"Heavy heads," the Buffalo coach called them after the two had rushed for more than 100 yards apiece in a game last year. They were to repeat the pleasure a month later against the Jets. "Throwbacks," Shula calls them. They are two manifestly uncomplicated football players who love the game for the simple things it can do to a man. Dirty his shirt. Bloody his chin. Satisfy his inhibitions. Relieve his tensions. Says Csonka, "It gives a man great satisfaction to do something people are trying to stop him from doing. You don't get ulcers playing football."

Shula does not "send" Kiick and Csonka to play, he "turns them loose." He does not take them out of a game, he calls them off. Kiick sulks when Shula spells him. "It's my way," Kiick says. "Larry is more likely to say something. 'Let me back in, coach.' I never say anything. I sulk." Alice Kiick says her husband's sulks are very outspoken.

Shula has a favorite scene, one he considers typical of the pair, although it involves only Csonka. It was captured for posterity in the highlight film of the preposterously successful 1971 Dolphins, who did not quit kiicking and csonking until they were in the Super Bowl, where they were stopped at last by the Dallas Cowboys. The scene shows Larry Csonka arriving in the end zone. "The image of manhood," Shula says. Csonka's mustache is dripping mud. His face and uniform are slathered with it. His helmet is twisted grotesquely on his head. His expression is impassive: the stoic marine atop Suribachi, vaguely aware that the battle must have been won but certain that the war is not over. In the final frame, Csonka turns and nonchalantly flips the ball over his shoulder. "A picture I love," says Shula.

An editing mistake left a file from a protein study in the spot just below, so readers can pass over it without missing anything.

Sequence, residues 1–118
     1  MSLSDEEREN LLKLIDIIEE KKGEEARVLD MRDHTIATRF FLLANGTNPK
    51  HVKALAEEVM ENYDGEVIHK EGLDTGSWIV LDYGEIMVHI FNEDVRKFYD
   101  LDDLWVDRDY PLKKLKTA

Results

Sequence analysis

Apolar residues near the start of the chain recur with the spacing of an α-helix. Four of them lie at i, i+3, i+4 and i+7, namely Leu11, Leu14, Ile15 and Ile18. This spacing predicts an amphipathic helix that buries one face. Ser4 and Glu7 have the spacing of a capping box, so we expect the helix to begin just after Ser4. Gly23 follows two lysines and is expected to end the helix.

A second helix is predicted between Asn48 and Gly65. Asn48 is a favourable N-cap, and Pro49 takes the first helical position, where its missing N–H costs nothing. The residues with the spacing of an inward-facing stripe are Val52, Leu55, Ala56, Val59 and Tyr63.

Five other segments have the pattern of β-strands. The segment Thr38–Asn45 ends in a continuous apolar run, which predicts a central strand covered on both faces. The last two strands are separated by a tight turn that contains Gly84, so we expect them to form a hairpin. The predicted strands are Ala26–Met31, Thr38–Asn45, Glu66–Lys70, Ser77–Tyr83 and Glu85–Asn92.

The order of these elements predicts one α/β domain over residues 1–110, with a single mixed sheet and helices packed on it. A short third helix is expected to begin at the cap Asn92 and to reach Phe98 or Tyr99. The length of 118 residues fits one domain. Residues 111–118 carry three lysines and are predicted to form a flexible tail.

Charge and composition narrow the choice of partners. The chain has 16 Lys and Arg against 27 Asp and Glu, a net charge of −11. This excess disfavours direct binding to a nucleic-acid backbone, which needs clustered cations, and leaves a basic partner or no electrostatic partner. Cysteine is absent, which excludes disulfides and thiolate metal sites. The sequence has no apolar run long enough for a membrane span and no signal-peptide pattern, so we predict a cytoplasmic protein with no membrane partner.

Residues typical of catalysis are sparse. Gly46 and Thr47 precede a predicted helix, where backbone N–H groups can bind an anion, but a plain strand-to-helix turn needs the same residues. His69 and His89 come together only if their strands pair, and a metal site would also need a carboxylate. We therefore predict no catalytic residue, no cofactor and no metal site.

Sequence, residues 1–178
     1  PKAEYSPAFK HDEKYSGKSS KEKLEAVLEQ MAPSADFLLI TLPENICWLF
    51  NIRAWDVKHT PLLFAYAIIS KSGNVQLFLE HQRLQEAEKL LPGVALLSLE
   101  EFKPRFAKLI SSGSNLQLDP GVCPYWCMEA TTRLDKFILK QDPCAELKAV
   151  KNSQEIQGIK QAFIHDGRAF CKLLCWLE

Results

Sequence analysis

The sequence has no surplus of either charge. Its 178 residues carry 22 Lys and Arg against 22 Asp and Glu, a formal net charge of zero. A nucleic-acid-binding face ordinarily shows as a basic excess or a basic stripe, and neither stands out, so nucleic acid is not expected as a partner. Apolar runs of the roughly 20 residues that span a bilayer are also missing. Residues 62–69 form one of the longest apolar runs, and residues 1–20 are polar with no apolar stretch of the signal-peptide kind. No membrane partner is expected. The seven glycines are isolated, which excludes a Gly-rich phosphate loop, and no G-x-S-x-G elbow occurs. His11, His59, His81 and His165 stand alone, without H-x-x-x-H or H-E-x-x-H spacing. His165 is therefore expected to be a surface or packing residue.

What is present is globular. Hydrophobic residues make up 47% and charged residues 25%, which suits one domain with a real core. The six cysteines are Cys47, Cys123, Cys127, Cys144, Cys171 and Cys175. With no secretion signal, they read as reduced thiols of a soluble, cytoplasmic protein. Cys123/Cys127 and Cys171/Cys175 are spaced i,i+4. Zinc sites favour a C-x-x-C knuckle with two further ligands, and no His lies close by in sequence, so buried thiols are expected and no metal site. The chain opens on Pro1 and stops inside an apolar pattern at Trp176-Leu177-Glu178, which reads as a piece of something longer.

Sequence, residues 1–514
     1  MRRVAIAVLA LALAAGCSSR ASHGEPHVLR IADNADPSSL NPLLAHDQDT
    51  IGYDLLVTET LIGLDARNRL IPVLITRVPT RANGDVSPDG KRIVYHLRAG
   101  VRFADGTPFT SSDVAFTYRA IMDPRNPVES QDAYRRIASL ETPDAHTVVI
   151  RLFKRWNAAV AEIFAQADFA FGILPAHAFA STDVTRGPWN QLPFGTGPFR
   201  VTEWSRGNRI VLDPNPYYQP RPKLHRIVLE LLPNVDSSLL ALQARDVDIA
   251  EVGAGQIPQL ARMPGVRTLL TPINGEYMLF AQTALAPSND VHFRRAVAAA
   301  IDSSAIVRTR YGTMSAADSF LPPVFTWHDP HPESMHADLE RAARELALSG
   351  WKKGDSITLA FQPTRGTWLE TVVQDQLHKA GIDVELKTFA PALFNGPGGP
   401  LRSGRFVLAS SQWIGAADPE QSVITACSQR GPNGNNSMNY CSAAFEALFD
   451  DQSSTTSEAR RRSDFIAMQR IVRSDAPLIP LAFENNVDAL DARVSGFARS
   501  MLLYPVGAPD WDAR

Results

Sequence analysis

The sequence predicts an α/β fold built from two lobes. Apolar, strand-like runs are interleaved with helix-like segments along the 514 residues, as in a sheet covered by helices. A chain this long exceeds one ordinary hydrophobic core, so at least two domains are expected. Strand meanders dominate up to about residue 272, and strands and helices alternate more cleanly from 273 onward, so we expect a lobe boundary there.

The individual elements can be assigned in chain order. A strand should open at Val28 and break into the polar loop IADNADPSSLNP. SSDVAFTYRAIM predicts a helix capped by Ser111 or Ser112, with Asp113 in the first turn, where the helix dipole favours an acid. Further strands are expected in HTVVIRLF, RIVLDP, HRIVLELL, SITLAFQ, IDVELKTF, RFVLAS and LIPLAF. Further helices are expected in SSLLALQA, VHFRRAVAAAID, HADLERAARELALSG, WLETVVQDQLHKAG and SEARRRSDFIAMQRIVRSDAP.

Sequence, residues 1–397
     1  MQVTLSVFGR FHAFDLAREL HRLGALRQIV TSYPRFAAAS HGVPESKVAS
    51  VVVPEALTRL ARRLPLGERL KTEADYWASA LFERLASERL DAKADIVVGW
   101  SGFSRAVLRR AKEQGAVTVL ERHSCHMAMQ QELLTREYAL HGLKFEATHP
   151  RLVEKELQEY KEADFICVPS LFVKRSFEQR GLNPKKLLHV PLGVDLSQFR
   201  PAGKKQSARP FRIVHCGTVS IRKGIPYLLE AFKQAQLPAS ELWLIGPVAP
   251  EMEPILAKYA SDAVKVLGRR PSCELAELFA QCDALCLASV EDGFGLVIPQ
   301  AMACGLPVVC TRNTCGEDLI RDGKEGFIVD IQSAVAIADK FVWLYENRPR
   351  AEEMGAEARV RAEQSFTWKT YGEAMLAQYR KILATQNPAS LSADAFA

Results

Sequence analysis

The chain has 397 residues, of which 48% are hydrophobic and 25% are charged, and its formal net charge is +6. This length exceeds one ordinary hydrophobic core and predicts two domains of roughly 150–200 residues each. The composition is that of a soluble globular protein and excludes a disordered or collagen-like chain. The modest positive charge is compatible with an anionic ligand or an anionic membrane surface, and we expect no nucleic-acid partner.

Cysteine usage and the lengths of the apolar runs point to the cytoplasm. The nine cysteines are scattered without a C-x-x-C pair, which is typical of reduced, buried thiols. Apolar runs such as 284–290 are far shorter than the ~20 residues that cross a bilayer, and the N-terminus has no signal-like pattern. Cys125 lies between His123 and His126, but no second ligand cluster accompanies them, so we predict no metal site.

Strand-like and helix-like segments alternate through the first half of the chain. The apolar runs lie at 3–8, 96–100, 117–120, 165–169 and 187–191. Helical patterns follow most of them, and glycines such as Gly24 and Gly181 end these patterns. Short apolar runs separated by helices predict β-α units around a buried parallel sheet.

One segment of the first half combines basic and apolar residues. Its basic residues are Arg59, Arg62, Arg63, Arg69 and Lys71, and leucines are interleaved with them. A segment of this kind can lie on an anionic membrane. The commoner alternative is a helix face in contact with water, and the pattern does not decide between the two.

There are other pictures, not all recorded or authenticated, but still parts of the growing saga of Kiick and Csonka, or "Butch" and "The Kid" as they are called by their worshipful fans. The president of a woman's club in Washington strode into the Redskins' office to buy 5,000 tickets to an exhibition game the other day, and when asked which one she wanted to see, replied, "I want to see Butch Cassidy and the Sundance Kid!" The association with the movie heroes, though tiresome, has been profitable. At least 2,000 posters of them in Western costume were sold in the offseason and a TV film has been made of their exploits, featuring them on horseback, riding into the sunset at the close of another tough day on the trail (actually hotel row on Miami Beach).

But that is make-believe. The true-life adventures are more revealing. The time, for example, when Kiick was seen biting the arm of a New York Jet. Why did you do that, Jim? he was asked. "Because he was twisting my leg." Did you bite him hard? "Hard enough to make him stop twisting my leg." Or the time the two drove 20 hours straight to deliver a new car to Csonka's dad in Ohio. They had just returned from defeat at the hands of Oakland in the 1970 divisional playoffs, and all the way from Miami to Ohio they talked of football and of retribution, and how they must allow nothing to stop them in 1971 short of a broken limb or a concussion, and they got so excited over the prospect that Kiick nearly demolished the dashboard with his fists.